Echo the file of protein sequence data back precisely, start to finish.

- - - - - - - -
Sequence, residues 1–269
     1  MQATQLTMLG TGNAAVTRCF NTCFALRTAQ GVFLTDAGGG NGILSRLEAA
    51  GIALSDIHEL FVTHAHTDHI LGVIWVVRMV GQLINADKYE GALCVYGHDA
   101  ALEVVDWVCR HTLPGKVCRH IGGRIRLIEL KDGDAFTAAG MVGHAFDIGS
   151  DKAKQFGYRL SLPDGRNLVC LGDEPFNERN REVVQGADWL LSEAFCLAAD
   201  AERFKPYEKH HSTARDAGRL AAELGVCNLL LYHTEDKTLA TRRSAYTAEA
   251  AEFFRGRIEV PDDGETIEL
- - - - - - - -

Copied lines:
Sequence, residues 1–269
     1  MQATQLTMLG TGNAAVTRCF NTCFALRTAQ GVFLTDAGGG NGILSRLEAA
    51  GIALSDIHEL FVTHAHTDHI LGVIWVVRMV GQLINADKYE GALCVYGHDA
   101  ALEVVDWVCR HTLPGKVCRH IGGRIRLIEL KDGDAFTAAG MVGHAFDIGS
   151  DKAKQFGYRL SLPDGRNLVC LGDEPFNERN REVVQGADWL LSEAFCLAAD
   201  AERFKPYEKH HSTARDAGRL AAELGVCNLL LYHTEDKTLA TRRSAYTAEA
   251  AEFFRGRIEV PDDGETIEL